5. Leave yourself plenty of time at the train stations
There is nothing worse that being in a rush at a foreign train station. If you’ve looked up timetables before you travel, give yourself plenty of time to get to the station, find the ticket machines, work out how to get your ticket, have it validated, and board the train. It’s a simple process, but when it’s in another language and you’re in a rush, it can get really intimidating, really quickly.

Florence, Italy

** BONUS TIP: Learn a few basic words in Italian
Not so much a planning tip, but in some of these smaller towns, people won’t speak as much English as they will in the bigger cities like Rome and Florence. Even just a few words like hello (ciao), please (per favore), thank you (grazie) and excuse me (mi scusi) will get you a long way! And if you’re feeling a little braver, add these to your vocabulary:
dov’è si trova…?    —-   where can I find…?
quanto costa?         —-    how much does it cost?
non capisco            —-    I don’t understand
parla inglese?         —-     do you speak English?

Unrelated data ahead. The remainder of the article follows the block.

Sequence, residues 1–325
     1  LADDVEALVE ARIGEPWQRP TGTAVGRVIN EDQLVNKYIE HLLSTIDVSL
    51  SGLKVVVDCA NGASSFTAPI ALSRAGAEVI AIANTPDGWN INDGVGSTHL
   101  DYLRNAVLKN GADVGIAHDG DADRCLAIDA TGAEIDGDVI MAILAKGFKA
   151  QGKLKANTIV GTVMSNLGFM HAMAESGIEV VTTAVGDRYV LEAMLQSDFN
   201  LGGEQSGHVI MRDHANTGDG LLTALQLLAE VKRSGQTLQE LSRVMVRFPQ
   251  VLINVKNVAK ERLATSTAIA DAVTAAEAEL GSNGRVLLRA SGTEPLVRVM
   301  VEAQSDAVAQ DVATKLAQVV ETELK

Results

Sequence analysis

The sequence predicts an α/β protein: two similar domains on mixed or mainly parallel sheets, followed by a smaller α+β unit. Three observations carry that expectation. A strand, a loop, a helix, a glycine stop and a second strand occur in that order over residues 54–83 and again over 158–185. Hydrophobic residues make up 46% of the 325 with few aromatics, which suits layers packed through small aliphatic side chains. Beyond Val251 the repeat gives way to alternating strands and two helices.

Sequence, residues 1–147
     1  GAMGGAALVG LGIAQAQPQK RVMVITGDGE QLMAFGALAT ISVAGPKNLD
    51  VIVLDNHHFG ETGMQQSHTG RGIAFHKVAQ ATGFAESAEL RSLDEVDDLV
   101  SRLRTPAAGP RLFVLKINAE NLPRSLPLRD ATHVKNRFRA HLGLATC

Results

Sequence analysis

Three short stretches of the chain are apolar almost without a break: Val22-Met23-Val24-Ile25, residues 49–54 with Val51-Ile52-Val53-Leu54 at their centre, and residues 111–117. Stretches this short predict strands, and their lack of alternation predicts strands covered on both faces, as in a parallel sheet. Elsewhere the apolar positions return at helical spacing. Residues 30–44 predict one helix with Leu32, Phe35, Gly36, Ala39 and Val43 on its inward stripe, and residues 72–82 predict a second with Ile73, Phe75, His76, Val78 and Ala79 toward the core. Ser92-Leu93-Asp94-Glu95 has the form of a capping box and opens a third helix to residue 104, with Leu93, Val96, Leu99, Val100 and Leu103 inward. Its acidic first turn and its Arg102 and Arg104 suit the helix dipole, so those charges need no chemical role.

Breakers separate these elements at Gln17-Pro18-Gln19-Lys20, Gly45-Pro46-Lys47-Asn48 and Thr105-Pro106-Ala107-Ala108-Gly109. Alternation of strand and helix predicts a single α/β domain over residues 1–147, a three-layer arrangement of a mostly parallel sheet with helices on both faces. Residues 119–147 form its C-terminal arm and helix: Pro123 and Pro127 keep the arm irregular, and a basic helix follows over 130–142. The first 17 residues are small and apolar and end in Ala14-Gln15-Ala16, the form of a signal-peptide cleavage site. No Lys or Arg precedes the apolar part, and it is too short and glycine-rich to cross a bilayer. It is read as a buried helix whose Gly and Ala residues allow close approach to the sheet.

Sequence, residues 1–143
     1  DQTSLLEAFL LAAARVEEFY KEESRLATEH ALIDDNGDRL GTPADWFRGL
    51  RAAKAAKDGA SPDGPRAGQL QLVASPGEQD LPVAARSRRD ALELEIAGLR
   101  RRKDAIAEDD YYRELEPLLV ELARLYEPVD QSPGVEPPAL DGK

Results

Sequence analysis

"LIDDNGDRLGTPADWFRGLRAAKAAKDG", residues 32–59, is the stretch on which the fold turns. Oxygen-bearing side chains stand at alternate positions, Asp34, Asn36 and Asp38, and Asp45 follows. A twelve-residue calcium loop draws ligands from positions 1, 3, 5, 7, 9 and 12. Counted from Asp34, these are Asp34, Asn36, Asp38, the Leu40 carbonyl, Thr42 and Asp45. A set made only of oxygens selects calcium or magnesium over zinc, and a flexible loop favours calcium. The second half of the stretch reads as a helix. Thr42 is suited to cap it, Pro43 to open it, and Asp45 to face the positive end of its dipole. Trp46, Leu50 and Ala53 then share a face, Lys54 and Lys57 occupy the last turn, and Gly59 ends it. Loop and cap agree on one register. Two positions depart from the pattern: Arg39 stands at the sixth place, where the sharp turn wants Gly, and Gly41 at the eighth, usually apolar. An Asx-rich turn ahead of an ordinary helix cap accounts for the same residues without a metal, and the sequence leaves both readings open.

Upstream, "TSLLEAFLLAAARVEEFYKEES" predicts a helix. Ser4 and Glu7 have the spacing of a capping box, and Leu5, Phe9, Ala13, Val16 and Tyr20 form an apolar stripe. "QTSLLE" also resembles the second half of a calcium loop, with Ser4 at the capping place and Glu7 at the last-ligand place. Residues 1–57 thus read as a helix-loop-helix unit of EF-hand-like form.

Around The World In 13 Cemeteries

I’m not a goth. I don’t listen to death metal music. I don’t hold séances or have a Ouija board. I don’t cast spells, curse ex-boyfriends or make animal sacrifices. I am, however, fascinated with cemeteries.
Every time I travel to a new city, I always make a point of visiting one or two. I don’t know how to begin to explain it; I just feel weirdly comfortable amongst the tombs and hidden pasts. It’s a sadly outdated misconception that cemeteries are always dark, dingy places to be avoided at all costs. The majority of cemeteries are set on grounds beautiful enough to rival the city’s botanical gardens. Cemeteries aren’t just a place for the dead, the mourning and the creepy; they’re also brilliant destinations for photographers, history buffs and botanists. These are some cemeteries I’ve loved from my travels over the past decade…